None of this entails you picking up a hammer or driving a single nail. All of the physical labor is performed by sub-contractors whom you hire out on a piecemeal basis (yes, you can put in some sweat equity if you want, but we're not assuming this in our guide).
The reward for building your own home is gigantic. Contractors charge 15% to 25% of the total price for building your house. And I'm sure you don't need a calculator to figure out how much you could save on a $100,000 job by not hiring a contractor (OK, it's $15,000 minimum).
The downside to not using contractor can be equally huge. Good contractors do earn their fee. They know sub-contractors ("subs"); they know the permitting offices; they have suppliers; they know how to coordinate to eliminate or minimize downtime; and so on.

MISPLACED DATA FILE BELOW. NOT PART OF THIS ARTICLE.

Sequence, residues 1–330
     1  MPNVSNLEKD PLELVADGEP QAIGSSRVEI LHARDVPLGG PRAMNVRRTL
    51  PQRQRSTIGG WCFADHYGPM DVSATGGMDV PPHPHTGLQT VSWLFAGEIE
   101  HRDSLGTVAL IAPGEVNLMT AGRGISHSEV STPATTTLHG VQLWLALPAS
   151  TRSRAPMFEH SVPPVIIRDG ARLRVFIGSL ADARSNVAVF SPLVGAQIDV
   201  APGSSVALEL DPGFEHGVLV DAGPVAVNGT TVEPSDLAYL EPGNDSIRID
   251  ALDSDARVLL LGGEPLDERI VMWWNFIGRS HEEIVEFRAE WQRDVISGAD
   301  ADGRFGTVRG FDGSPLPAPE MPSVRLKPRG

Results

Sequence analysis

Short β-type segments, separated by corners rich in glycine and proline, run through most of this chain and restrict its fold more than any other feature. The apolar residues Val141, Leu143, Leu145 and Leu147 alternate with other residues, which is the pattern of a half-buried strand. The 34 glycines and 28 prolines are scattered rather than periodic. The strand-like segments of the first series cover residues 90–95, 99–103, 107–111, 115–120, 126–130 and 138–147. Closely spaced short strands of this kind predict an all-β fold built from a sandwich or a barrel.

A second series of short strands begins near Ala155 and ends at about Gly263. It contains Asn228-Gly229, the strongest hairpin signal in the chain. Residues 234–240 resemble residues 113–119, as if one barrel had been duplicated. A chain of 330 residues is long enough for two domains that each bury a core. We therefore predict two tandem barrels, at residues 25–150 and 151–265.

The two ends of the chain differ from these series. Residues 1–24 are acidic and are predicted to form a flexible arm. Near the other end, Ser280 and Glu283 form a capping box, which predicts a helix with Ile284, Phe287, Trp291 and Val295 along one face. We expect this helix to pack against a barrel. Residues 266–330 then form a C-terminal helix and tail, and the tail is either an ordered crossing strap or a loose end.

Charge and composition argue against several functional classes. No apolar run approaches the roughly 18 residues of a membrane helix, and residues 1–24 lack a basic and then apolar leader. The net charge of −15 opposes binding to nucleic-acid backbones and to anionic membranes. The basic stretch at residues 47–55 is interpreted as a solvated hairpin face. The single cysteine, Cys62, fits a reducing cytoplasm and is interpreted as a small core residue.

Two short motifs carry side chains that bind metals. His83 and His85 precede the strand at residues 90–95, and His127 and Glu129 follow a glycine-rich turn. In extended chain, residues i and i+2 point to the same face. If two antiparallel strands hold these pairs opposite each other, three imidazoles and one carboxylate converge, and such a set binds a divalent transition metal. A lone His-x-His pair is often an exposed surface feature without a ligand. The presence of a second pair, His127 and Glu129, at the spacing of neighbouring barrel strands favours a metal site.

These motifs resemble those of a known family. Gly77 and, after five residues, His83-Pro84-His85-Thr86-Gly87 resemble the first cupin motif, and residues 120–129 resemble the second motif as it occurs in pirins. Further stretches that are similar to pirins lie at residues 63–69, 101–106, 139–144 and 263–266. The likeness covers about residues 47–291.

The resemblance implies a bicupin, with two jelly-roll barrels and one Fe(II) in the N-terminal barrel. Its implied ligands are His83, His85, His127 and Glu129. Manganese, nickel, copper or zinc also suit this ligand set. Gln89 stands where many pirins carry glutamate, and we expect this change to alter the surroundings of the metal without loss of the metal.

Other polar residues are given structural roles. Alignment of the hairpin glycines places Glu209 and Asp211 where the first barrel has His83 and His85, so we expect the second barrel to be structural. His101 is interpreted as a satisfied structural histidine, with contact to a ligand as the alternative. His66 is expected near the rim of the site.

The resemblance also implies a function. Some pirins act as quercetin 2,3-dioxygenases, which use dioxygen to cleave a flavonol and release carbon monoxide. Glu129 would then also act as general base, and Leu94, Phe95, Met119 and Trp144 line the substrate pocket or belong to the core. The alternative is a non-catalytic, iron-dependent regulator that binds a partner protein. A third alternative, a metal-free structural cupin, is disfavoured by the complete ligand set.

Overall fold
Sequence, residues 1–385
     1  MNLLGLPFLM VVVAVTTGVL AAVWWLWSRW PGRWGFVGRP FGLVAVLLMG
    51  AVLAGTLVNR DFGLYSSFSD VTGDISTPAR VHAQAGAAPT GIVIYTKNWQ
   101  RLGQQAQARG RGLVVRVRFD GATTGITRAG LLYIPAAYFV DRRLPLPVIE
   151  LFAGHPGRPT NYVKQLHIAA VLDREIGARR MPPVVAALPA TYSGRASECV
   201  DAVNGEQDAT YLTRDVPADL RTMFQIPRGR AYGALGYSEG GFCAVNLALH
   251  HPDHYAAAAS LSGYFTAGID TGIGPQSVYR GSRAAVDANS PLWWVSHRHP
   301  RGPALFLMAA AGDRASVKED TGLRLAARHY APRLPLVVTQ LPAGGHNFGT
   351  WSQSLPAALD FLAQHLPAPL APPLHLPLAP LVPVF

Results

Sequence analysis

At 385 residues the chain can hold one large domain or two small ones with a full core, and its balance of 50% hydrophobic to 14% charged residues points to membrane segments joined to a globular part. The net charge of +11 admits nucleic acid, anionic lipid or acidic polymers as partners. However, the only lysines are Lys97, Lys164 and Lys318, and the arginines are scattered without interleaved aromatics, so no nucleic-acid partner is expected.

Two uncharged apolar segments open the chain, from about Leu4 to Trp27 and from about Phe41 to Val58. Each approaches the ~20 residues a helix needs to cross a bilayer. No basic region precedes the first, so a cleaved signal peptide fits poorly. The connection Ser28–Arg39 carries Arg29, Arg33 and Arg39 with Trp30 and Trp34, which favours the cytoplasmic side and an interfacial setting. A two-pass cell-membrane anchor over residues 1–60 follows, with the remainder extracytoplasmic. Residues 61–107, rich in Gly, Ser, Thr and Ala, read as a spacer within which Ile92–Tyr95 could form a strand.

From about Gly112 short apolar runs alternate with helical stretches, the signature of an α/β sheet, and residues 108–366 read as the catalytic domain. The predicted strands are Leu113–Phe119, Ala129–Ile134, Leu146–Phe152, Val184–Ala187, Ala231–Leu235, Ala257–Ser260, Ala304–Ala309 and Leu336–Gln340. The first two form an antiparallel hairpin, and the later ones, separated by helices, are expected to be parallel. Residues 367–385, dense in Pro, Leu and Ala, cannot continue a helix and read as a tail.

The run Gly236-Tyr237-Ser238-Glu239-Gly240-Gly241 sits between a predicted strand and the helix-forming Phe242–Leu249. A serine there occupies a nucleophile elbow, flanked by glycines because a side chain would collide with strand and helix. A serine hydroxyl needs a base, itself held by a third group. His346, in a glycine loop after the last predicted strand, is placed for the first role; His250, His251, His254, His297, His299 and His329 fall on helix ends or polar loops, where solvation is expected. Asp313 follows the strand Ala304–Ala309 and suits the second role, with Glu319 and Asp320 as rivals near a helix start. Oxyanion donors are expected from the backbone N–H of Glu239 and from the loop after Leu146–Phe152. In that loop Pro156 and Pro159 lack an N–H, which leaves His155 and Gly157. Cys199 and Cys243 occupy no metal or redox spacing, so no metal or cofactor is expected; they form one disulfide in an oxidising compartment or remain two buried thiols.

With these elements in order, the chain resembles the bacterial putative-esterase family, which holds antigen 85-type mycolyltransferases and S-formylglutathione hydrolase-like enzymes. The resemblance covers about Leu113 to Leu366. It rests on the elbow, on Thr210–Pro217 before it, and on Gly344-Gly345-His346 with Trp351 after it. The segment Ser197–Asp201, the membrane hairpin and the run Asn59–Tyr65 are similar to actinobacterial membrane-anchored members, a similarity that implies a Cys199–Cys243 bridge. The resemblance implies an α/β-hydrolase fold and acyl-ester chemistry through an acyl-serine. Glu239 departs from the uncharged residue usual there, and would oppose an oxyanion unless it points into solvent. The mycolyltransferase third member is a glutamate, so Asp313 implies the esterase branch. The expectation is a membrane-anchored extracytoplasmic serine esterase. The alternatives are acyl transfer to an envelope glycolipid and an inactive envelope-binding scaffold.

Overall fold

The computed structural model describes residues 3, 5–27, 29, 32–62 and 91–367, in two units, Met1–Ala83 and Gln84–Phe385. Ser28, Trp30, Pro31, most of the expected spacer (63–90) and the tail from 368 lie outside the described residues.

Let's start with a house that has already been drawn up by an architect and begin with...
Step 1 - The Site and Construction BasicsFirst, it's time to get situated--literally and figuratively. Not only are you getting your project straight in your mind and on paper, but you are literally siting your intended home.
- Basic site clearing, so surveyor can do his/her job.
- Surveyor stakes out the lot.
- Decide on direction house will be situated.
- Deal with site's topography, as pertaining to water flow.
- Complete site clearing, down to ground and 25 feet around intended house perimeter.
- Order 40 yarder rolloff dumpster.
- Order portable toilet.
- Order temporary utilities from power company.
- Call in an electrician to hook up temporary electrical panel.